Eminent domain may become hot button law: Hope (AR) Star, 7/13/05

By Ken McLemore

Following is the second of two parts regarding the impact in Arkansas of the U.S. Supreme Court decision in Kelso v. City of New London.

Eminent domain law may become the new hot button Constitutional law class in law schools around the nation as a result of the U. S. Supreme Court's recent ruling in a Connecticut case; but, as a practical matter, two local attorneys think it will remain cut and dried in Arkansas - unless someone finds a means to test the law in Arkansas.

In Kelso v. City of New London, the U. S. Supreme Court found that the application of Connecticut law regarding the public taking of private property (eminent domain) does not conflict with the "Takings Clause" of the Fifth Amendment to the U. S. Constitution where a private, non-profit economic development entity benefits from a city's exercise of eminent domain to the benefit of a third party private developer.

Hempstead County Attorney John Gilbert Burke, and Hope City Attorney Joe Short both envision one scenario in Arkansas which might fit that scenario.

The announcements in recent months of the development of automotive parts assembly facilities in the Arkansas Delta region near Wynne and Marion have given rise to significant speculation over the siting of a major automotive manufacturer in the region. Both Burke and Short said the prospect of an eminent domain test case stemming from such development could force a new look at Arkansas' eminent domain law.

"Number one, you've got to find a government agency to go through; the city, the county, the state, because you can't just go out and take someone's property," Burke said. "Once that governmental entity does it, your only issue when you go to court is the money. There is no issue whether Hempstead County can take your property; it's just how much money you're due.

"So, you are going to have to address that issue, wherever you start it, circuit court probably; and, you're going to have to raise that as a Constitutional issue in circuit court," he explained. "If the judge says, 'You're right, our Constitution says the government can't do that,' that is the test; but, if the court says, 'No, you're wrong, that can be done,' then, you go up the chain.

"Until this case, we would just not have considered it," Burke said. "But, that example is a good analogy."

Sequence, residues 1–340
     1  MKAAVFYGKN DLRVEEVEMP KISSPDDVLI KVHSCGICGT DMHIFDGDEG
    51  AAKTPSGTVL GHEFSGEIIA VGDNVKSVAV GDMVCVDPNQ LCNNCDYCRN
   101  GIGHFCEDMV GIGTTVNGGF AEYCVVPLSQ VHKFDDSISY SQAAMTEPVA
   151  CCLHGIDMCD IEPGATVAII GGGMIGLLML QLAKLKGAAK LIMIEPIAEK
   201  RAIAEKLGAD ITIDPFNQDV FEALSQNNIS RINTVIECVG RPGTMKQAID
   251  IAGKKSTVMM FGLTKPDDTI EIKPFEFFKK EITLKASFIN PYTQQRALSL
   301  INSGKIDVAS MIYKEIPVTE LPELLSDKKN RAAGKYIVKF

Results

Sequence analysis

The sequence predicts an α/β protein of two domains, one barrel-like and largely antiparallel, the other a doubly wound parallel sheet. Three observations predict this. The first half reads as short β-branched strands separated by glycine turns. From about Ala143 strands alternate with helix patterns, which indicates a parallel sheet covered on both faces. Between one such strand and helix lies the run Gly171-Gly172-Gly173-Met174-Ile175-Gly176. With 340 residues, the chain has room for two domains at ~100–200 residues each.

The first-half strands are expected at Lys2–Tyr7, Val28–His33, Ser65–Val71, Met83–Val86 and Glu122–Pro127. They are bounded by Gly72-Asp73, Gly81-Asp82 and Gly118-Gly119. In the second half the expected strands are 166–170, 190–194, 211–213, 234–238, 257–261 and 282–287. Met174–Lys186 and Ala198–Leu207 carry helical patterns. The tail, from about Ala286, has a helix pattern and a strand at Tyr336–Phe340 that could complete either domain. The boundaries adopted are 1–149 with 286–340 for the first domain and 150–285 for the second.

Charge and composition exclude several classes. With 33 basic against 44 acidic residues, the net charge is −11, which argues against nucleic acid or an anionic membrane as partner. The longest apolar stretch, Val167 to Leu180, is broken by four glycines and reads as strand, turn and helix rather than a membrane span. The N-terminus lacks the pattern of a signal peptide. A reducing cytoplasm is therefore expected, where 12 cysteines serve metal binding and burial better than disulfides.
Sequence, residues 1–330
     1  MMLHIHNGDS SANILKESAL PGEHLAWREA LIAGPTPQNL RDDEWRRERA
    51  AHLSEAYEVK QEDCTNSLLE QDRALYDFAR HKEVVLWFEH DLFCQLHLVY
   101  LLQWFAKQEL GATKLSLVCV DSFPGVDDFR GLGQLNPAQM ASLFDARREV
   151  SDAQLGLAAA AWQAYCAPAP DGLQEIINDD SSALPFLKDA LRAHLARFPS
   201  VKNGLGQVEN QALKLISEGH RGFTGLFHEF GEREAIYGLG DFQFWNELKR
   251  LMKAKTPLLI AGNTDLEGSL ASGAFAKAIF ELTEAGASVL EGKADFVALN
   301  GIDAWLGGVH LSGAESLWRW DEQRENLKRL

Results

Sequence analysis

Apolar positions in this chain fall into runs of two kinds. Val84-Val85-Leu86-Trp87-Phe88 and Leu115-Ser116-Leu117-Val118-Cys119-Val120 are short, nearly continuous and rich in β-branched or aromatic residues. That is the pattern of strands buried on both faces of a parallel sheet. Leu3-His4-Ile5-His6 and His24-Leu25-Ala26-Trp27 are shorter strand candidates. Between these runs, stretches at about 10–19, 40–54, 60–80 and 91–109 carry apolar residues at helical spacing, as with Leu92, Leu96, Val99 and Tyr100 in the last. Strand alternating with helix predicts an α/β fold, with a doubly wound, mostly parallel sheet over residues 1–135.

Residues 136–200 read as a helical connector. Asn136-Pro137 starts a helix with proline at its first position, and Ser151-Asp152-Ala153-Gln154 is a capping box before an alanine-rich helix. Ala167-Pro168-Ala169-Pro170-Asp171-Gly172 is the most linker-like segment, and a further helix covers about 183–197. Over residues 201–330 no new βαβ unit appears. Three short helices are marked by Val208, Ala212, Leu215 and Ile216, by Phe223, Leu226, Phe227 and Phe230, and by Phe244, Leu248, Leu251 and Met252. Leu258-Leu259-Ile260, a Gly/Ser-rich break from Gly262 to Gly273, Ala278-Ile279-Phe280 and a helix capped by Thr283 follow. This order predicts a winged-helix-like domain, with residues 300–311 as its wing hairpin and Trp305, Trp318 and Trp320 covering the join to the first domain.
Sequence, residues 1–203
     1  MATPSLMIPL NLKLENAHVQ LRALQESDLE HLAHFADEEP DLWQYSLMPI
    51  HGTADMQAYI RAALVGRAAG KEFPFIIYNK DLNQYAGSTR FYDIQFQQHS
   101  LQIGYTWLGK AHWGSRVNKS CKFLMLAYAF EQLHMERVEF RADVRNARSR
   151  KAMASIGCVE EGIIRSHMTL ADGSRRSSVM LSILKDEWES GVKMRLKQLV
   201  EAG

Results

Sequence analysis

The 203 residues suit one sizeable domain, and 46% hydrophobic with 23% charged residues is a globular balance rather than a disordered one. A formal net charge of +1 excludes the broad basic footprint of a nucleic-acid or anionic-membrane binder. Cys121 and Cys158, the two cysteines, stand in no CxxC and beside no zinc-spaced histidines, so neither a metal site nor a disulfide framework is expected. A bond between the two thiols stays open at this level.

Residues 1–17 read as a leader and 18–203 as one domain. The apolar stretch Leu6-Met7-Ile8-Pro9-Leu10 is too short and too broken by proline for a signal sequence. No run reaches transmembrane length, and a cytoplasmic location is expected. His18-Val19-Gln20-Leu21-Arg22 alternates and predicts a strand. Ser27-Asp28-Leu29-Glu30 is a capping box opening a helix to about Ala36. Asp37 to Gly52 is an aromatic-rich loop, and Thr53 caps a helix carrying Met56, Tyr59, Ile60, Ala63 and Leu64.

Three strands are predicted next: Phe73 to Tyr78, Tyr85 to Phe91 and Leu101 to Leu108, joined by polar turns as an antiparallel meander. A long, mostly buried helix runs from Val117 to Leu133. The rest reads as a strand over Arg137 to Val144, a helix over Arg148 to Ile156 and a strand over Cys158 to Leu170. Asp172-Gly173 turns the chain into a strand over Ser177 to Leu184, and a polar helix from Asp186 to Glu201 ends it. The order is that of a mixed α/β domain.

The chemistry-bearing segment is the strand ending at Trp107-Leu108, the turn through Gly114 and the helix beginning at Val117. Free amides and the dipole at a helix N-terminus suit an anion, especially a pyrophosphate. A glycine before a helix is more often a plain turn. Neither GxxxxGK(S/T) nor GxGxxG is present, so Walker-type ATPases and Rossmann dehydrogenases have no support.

Short was more explicit.

"What happens if Toyota wants to come build an auto plant in Arkansas, and they say, 'We want it here;' and, everybody agrees to sell but one guy that's got a 25 or 40 acre plot, that guy doesn't want to sell at any price? You can offer them all the money in the world; what happens?," Short posed. "Can, then, the state come in and condemn it, and say that is for a better purpose than his use?"

Burke points out that, in Arkansas, the exercise of eminent domain has historically been "all about the money," principally because of the relative availability of land in Arkansas, unlike Connecticut.

"Property around here is just too plentiful," he said. "If you want to put in something, all you've got to do is go out and buy the property. It has to be a factor; and, I don't know all of the specifics of that case, but that must have been a very desirable location that you couldn't put down the street, and it had to go there."

He noted a recent case involving a condemnation of land along Springhill Road was typical of the cut-and-dried correlation between condemnation and compensation.

"You have to determine what kind of property you're dealing with," Burke said. "In the Springhill Road case, its highest and best use was agricultural. It had a potential for residential, because of rural residences around it; but, at the time, it's highest and best use was agricultural."

That issue subsequently defined the value which the land owner placed on the property, as compared to the compensation offered by the Arkansas Highway and Transportation Department through the county.

"If you don't like it, your recourse is to take it to court, in this case the county court," Burke said. "In this case there was approximately an half-acre, some trees were cut down, and the land owner was not happy with what he was offered."

Ultimately, the only issue for the local jury to resolve was whether the property was worth more than the $1,500 offered by the state. Burke said the property owner was awarded $3,000.

Burke said the exercise of eminent domain is rare in Hempstead County.

"Mainly, for building a road or a street," he said. "The extension they're doing out on Greenwood, and then Springhill Road; that's typical. You don't really see the City of Hope, or the county, taking property to build structures."

Burke admits to a certain shock at the high court's decision.

"My understanding of that case is that the court has expanded 'public use' to mean, I guess, for the greater good of the public, and for the greater good of the tax base," he said. "And, I find it hard to believe that, if it's not actually a public building or a public road going in, I can't believe they came down like that. The ramifications of that could be huge, I would think.

"To me, you've got the issue of whether you can take somebody's property to put in a shopping mall," Burke added. "And, when you go back to their case, I guess that's feasible, a feasible taking; and, I would hate to have to fight that out.

"I don't see that happening in Arkansas," he said. "But, I wouldn't have thought you'd see it anywhere. I just wouldn't have conceived that the term 'public use' could be expanded that far out and used that liberally."

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